Changes are on the way for ASTM’s Phase I Environmental Site Assessment (“Phase I”) standard, the almost 30-year-old lynchpin of the transactional due diligence process. The American Society for Testing and Materials (“ASTM”) – the group that publishes the Phase I standards under the designation “ASTM E 1527” – regularly reviews and updates its standards. The current iteration – ASTM E1527-2013 – was first published in 1993, and was amended in 1994, 1997, 2000 and 2005. The Task Group charged with developing the revisions to the standard has been meeting since the beginning of 2018. Its objectives are to clarify existing language and to improve the utility of reports prepared in accordance with the standard. The new version should be released before the end of 2021.
The DRAFT (!) language changes that have been proposed and that are under consideration include clarifying the definition of a Recognized Environmental Condition (“REC”) with respect to the “likely presence” of hazardous substances. This issue creates a lot of confusion and debate in practice. In an effort to better define what “likely presence” means, the proposed language provides a definition of “likely”: “that which is neither certain nor proved, but can be reasonably expected or believed by a reasonable observer based on the logic and/or experience of the environmental professional, and/or available evidence, as stated in the report to support the opinions given therein.” This definition appears geared toward requiring more deference to the determinations made by environmental professionals (“EPs”) and reducing the ability of report users (or their attorneys!) to challenge REC findings.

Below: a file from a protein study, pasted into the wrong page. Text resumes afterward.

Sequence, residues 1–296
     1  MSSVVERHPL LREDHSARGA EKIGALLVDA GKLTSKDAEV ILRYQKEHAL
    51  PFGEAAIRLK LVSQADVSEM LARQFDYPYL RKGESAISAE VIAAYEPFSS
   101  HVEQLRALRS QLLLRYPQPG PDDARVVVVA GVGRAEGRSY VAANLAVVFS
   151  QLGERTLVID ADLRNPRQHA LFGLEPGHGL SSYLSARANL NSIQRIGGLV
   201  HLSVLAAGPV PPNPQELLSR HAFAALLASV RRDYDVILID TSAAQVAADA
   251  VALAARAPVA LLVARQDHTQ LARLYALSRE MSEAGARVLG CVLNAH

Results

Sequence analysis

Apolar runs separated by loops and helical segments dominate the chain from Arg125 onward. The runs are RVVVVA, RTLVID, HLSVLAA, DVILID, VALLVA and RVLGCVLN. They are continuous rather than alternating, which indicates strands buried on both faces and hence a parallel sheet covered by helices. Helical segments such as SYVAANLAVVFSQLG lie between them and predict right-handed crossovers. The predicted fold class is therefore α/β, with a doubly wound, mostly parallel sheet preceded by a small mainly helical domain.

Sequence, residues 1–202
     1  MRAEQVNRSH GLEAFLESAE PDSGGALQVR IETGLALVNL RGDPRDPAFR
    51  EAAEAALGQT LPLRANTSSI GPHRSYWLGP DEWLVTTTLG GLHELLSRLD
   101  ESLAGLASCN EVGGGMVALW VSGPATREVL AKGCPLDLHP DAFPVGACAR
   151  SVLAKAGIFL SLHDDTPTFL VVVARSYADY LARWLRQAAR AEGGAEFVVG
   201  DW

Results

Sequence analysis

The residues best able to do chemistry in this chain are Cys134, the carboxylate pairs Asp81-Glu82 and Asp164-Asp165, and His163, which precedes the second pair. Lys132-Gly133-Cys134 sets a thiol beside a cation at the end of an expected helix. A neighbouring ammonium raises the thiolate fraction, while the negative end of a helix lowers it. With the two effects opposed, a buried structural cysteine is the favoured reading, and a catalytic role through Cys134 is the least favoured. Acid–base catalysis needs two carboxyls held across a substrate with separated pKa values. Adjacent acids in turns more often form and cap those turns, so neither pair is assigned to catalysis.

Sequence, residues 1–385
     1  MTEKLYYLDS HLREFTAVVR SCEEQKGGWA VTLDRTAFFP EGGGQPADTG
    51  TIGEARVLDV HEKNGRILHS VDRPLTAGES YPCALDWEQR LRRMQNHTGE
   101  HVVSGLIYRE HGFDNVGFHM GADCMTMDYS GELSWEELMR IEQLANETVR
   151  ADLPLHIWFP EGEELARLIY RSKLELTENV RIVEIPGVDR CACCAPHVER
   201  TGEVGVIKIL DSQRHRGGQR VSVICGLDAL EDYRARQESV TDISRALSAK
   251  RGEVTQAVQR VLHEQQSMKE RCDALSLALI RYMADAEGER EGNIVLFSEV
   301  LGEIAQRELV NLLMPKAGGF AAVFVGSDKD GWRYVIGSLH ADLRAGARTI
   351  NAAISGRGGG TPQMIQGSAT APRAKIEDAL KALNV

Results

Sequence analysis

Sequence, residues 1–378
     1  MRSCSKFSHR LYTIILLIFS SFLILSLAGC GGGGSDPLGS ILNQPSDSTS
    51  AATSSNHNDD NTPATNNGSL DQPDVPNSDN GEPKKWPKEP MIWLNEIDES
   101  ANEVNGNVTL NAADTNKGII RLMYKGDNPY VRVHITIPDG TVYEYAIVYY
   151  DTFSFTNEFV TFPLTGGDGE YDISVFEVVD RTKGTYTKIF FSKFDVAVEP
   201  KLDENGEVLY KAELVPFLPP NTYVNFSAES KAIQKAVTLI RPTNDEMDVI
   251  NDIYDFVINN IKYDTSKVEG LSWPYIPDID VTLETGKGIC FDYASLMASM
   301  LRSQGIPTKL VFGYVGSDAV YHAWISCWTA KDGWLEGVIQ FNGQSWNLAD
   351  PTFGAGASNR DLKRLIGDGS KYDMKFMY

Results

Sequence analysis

The new standard may also elaborate on the definition of an Historical Recognized Environmental Condition (“HREC”) to require EPs to include their rationale for concluding an issue qualifies as an HREC; to require EPs to review “reasonably ascertainable” information to support that the subject property meets “unrestricted use criteria,” as required to qualify as an HREC; and to clarify that new conditions such as a change in regulatory criteria or migration pathway not previously evaluated may render a former HREC a REC instead.
Similarly, the new standard may add similar requirements for Controlled Recognized Environmental Conditions (“CRECs”), requiring EPs to explain their rationale in designating a condition a CREC; to review “reasonably ascertainable” information to support that conditions have been addressed to the satisfaction of regulatory authorities with hazardous substances or petroleum allowed to remain in place; and to identify documentation establishing the applicable property or activity and use limitations. The CREC provisions may also clarify that a CREC designation does not infer that the EP has evaluated the effectiveness of any land use controls, and that new conditions, migration pathways or regulatory standards may disqualify a condition from continuing to be classified as a CREC.
Additional changes under consideration include requiring title professionals to conduct AUL searches on behalf of EPs (an option if the user does not provide title information), various changes to the records review requirements (including with respect to historical research and adjoining properties), a definition of “significant data gap,” and clarification regarding when emerging contaminants (think PFAS and PFOS!) become subject to the Phase I standard.
Once the standard is finalized, ASTM will ask the Environmental Protection Agency to refer to the new standard in its regulations on “all appropriate inquiries” for transactional due diligence, anticipated to be some time in 2022.